During February, Americans celebrate Black History Month. In light of repressive governments, such as the former Taliban regime in Afghanistan, the right of freedom and equality that many African-Americans fought for, and in some cases died for, has profound and continued meaning.
Although government support is essential, real freedom and equality can't actually be legislated. Freedom from prejudice and tyranny needs to be established in the heart of each individual. Sometimes a particular event may forward this progress. For example, Rosa Parks's refusal to move to the back of the bus - where African-Americans were supposed to sit in the days of overt racism - triggered the civil rights revolution. One person had the courage to say, "Enough!" And others joined in that refusal, beginning a movement that would transform the nation.
Those who are not victims of discrimination have also done their part by standing up for the others. Many examples of such courage were exhibited after Sept. 11, when people who were not Muslims stood watch over Muslim homes, places of worship, and businesses to protect them from harm.
Both groups can accomplish much, if they work together. But permanent change demands that new visions of justice emerge from people's hearts. For me, one of the most moving signs made by male African-American civil rights protesters was the one with the message, "I am a man." In other words, I am a human being - I have equality in the eyes of God. I have intelligence, love, goodness.
To me, those weren't just demands for the right to sit in the front of the bus, to eat in places where formerly only white people could eat. They were requiring that I - and others - recognize that humanity has a common bond. While we may be very different culturally and politically, we all love, aspire, and long for justice, no matter what our race, ethnic background, gender, or religious beliefs.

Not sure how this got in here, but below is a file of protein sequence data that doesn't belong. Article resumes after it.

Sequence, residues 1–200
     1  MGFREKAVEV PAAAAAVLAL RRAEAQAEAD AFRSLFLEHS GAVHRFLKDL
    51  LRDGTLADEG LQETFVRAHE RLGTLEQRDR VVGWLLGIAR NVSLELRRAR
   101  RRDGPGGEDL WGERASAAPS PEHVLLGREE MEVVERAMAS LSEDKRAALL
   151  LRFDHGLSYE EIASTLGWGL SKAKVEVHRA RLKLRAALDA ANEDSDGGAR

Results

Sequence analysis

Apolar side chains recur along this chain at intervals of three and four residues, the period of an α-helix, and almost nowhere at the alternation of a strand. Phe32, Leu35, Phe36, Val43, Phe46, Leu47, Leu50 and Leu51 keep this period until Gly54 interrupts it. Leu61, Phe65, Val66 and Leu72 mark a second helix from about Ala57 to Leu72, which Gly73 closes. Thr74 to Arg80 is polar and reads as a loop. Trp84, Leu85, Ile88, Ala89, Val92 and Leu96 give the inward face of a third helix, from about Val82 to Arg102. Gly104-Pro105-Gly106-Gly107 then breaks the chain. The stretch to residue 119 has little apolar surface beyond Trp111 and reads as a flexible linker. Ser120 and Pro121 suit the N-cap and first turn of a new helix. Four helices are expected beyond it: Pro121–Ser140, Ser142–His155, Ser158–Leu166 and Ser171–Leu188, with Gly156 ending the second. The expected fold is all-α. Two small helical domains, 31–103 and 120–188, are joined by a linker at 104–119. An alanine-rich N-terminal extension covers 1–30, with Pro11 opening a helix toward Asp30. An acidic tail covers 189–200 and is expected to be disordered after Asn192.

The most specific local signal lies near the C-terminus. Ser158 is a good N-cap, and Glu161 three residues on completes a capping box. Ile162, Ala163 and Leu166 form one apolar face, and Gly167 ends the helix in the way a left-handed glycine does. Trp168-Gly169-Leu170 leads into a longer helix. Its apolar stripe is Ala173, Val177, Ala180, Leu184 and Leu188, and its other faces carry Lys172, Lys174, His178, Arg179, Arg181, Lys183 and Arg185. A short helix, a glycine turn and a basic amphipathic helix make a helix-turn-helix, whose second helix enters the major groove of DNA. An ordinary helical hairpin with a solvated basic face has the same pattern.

In today's gender-conscious society, perhaps the signs would read, "I am a human being." The essential message is the same. The Bible takes this idea to a higher level, saying that each of us, male or female, is spiritual, made in God's likeness, and that this is how we are to be judged. It promises that we are loved with an everlasting love (see Jer. 31:3) that transcends human conditions and heritage.
The key is that those Biblical statements aren't meant to pacify us into waiting for future equality and rights. Rather, they are designed to energize us into working for these rights now. While our prayers may lead us to take direct human action, each of us can help by resisting the temptation to discriminate in thought or deed, in large things or small.
Recently, I was driving across a section of New York State where there is a prison. At a gas station, an African-American man asked me how to get to the town where the prison is located. At first, I assumed that he was actually trying to get to the prison, not to the town, and I almost put this thought into action. Then I realized how ignorant that was. What right did I have to assume he was wanting to visit someone at the prison? This shows how subtle such prejudices can be even in someone who is not consciously prejudiced.
Each time we treat those of different races or backgrounds with respect, our actions create a kind of echo across the world. They affirm the value of each individual, and this is truly the right of the man that God created, male and female. Mary Baker Eddy, the Discoverer and Founder of Christian Science, wrote in "Science and Health with Key to the Scriptures": "Discerning the rights of man, we cannot fail to foresee the doom of all oppression. Slavery is not the legitimate state of man. God made man free" (pg. 227).
When we fully discern the rights of man - the right to be valued regardless of material attributes such as gender and race, the right to express intelligence and goodness - then oppression, no matter what form it takes, is truly doomed. Given the world's resistance to equality and justice, we still have a way to go. But every day will bring us new opportunities to look oppression in the eye and say, "You are doomed, because God's man - the man I and my neighbors are - is totally and wholly free."